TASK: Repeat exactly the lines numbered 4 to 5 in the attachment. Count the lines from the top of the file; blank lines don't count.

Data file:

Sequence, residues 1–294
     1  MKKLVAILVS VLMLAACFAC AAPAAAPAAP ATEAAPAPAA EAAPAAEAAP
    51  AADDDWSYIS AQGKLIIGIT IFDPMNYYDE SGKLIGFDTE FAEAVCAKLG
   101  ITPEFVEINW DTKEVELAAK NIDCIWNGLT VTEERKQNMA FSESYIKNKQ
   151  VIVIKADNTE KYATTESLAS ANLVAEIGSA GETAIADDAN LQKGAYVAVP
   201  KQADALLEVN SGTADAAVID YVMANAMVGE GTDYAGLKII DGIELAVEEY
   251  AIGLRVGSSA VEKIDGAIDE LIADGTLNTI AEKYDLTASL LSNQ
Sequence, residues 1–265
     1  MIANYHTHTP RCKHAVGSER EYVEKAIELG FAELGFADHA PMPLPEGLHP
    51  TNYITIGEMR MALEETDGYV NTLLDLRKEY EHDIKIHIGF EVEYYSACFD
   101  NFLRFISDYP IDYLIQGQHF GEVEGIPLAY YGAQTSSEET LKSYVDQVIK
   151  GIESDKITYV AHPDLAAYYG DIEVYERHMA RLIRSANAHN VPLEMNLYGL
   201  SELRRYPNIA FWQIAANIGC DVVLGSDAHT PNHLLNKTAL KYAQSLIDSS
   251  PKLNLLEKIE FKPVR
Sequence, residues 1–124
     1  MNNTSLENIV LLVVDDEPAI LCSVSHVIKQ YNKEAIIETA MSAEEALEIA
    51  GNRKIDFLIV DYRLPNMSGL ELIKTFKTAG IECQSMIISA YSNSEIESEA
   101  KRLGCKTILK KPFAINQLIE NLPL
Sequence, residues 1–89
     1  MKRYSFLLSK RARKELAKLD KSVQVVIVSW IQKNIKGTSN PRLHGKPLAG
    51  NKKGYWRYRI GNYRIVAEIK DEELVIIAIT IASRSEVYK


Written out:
   101  ITPEFVEINW DTKEVELAAK NIDCIWNGLT VTEERKQNMA FSESYIKNKQ
   151  VIVIKADNTE KYATTESLAS ANLVAEIGSA GETAIADDAN LQKGAYVAVP